Bunkaza Theatre Company
One Thousand Cranes by Colin Thomas, translated by Toyoshi Yoshihara

Dates and Venue 10 & 11 February 2012, 8pm + 14 February, 2pm | Frederic Wood Theatre, UBC Vancouver

Director Jun Isomura Set Designer Ichiro Abe Lighting Designer Junichiro Washizaki Sound Designer Jun Horie Musical Director Toshimitsu Tanaka Choreogapher Mitsuko Watanabe Stage Manager Kazunori Aoki

Reviewer John Jane

Almost a year after the nuclear disaster at the Fukushima Nuclear Power Plant complex that resulted in level 7 meltdowns at three reactors following the Tohoku earthquake and tsunami in March 2011, the Japanese theatre company Bunkaza brings to Vancouver One Thousand Cranes.

Colin Thomas’ award-winning play entwines the stories of two twelve-year-olds separated by culture, time and distance. One is fictional – the other is a true account of Sadako Sasaki.

Sadako who died on October 25, 1955, was a Japanese girl who was two years old when the United States dropped an atomic bomb near her home in Hiroshima. She is remembered through the story of attempting to fold a thousand origami cranes inspired by Japanese folklore. By her eventual death from leukemia which many believe to be a direct result of exposure to radiation from the atomic fallout, she had folded around 700.

7500 kilometres away and half a century later, Buddy, a Canadian boy who has learned of the bombing on cities of Hiroshima and Nagasaki has become paranoid over what he believes is the certainty of nuclear war. As his phobia worsens he isolates himself from his mother and his two friends Lee and Gregg, confining himself to the basement, which he calls his “bomb shelter.”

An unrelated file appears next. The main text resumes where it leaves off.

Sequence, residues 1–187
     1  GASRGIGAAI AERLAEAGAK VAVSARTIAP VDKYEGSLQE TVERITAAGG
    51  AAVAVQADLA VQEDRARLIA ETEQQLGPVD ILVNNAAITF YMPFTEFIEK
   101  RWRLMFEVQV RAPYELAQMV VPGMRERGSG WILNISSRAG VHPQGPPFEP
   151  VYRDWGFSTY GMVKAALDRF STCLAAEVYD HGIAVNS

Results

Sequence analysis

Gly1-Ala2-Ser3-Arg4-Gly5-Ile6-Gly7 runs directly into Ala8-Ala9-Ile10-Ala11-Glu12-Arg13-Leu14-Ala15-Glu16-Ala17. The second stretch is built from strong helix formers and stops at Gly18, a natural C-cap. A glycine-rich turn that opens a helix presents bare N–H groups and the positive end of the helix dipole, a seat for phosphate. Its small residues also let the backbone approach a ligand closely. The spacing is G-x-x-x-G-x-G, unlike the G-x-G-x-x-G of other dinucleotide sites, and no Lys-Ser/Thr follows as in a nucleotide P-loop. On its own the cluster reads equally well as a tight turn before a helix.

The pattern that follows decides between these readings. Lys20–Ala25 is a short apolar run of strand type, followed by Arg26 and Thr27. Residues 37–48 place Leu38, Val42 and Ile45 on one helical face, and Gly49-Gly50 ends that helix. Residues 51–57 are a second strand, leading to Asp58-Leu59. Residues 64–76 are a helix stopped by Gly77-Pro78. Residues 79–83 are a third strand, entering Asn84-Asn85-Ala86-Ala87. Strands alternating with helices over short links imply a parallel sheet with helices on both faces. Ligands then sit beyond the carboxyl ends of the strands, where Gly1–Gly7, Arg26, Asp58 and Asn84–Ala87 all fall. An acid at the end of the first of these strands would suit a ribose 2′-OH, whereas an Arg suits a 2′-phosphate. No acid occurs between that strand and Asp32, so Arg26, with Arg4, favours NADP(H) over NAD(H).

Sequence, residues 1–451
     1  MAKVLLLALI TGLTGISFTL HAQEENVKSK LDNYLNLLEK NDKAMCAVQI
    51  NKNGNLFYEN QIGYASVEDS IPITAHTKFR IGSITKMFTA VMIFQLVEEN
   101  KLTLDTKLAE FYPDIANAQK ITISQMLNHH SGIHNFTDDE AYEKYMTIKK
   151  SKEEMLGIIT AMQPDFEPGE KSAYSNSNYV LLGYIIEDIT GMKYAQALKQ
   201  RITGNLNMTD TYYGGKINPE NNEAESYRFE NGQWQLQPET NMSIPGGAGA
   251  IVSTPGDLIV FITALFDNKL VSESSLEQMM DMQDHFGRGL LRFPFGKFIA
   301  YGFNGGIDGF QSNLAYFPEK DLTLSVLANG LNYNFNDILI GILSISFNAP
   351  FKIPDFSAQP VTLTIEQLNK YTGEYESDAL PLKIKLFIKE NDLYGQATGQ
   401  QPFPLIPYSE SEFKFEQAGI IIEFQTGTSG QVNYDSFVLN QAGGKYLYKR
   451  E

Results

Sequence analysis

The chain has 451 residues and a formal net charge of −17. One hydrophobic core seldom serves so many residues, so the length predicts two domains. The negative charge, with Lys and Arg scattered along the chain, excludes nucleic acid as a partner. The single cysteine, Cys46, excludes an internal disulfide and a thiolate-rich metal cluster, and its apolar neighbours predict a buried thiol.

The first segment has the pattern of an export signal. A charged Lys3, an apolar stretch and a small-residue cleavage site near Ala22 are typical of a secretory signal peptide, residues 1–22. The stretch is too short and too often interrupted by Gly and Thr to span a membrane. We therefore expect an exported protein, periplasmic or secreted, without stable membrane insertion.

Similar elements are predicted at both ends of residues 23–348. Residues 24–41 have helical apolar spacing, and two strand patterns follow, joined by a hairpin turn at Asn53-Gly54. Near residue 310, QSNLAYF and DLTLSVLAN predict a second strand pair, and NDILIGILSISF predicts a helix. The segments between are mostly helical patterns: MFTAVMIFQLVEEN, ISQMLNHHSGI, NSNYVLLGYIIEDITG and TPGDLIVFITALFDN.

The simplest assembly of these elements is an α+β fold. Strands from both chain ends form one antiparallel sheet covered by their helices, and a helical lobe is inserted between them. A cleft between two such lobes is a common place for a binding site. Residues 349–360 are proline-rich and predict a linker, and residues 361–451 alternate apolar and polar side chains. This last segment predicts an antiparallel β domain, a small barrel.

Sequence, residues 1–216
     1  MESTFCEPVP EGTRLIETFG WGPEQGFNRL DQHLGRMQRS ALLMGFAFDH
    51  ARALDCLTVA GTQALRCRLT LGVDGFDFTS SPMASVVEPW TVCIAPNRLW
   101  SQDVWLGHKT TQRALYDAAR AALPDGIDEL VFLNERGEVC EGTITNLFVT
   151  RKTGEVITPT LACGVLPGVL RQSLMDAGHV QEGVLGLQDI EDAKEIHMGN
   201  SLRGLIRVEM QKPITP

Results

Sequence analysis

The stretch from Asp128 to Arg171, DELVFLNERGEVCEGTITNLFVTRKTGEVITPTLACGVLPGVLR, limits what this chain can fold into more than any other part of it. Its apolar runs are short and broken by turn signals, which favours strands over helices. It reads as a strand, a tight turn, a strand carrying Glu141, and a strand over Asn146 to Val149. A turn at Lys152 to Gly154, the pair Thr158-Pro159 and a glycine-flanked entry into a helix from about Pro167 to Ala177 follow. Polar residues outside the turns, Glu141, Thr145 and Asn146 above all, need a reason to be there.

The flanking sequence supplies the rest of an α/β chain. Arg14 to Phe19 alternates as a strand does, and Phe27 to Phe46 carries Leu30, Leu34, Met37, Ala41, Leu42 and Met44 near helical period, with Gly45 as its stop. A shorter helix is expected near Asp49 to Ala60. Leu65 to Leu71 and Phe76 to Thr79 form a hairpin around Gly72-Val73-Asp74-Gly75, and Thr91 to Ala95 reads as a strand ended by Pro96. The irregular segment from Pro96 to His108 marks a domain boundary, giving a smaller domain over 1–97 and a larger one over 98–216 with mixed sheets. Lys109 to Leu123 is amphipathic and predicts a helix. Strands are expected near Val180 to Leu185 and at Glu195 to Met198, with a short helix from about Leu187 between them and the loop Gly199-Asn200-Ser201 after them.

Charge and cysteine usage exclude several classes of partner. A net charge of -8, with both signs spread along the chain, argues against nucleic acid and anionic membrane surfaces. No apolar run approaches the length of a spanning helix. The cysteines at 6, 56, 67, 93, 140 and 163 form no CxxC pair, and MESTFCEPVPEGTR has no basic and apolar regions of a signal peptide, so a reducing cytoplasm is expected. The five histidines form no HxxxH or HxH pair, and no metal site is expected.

The production mounted by the Bunkaza Theatre Company has been adapted by Ren Hisa and translated (into Japanese) by Toyoshi Yoshihara. Production values here are quite basic. Ichiro Abe’s set is essentially black box incorporating simple movable furniture. With both stories told simultaneously and occasionally even merging, much reliance is placed on Junichiro Washizaki’s creative lighting to help clearly define the narrative.

Performances by the mostly youthful cast were accomplished and in some cases, excellent. Mio Takahashi as Sadako and Naoko Nagatsuka as her hospital room-mate Yoshiko turned in intelligent and sensitive readings. Yukiko Kobayashi, Aoi Mizuhara and Mika Himeji who played the three Canadian boys are Japanese girls.

Probably due to the difficulty of accurately translating Japanese to English, the side screen English titles only offered broad translations and were frequently mis-timed with the action on stage. What was more useful, was Nan Gregory’s pre-performance narrations.

One Thousand Cranes is not just another anti-war or a powerless victim story, but a message of hope. We must remember the past, so that we don’t repeat it.

© 2012 John Jane